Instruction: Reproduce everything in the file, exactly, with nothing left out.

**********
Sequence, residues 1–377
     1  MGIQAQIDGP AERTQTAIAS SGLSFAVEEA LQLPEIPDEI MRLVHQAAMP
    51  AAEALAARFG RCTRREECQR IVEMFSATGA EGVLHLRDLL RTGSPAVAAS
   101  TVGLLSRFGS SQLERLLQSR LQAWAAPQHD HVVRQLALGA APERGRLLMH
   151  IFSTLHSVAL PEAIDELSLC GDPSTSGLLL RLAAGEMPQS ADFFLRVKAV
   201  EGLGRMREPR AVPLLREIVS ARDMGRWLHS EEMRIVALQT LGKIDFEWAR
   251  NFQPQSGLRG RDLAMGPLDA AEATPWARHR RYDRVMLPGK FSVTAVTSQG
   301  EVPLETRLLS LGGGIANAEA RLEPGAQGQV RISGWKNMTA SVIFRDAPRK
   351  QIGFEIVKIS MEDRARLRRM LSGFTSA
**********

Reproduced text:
Sequence, residues 1–377
     1  MGIQAQIDGP AERTQTAIAS SGLSFAVEEA LQLPEIPDEI MRLVHQAAMP
    51  AAEALAARFG RCTRREECQR IVEMFSATGA EGVLHLRDLL RTGSPAVAAS
   101  TVGLLSRFGS SQLERLLQSR LQAWAAPQHD HVVRQLALGA APERGRLLMH
   151  IFSTLHSVAL PEAIDELSLC GDPSTSGLLL RLAAGEMPQS ADFFLRVKAV
   201  EGLGRMREPR AVPLLREIVS ARDMGRWLHS EEMRIVALQT LGKIDFEWAR
   251  NFQPQSGLRG RDLAMGPLDA AEATPWARHR RYDRVMLPGK FSVTAVTSQG
   301  EVPLETRLLS LGGGIANAEA RLEPGAQGQV RISGWKNMTA SVIFRDAPRK
   351  QIGFEIVKIS MEDRARLRRM LSGFTSA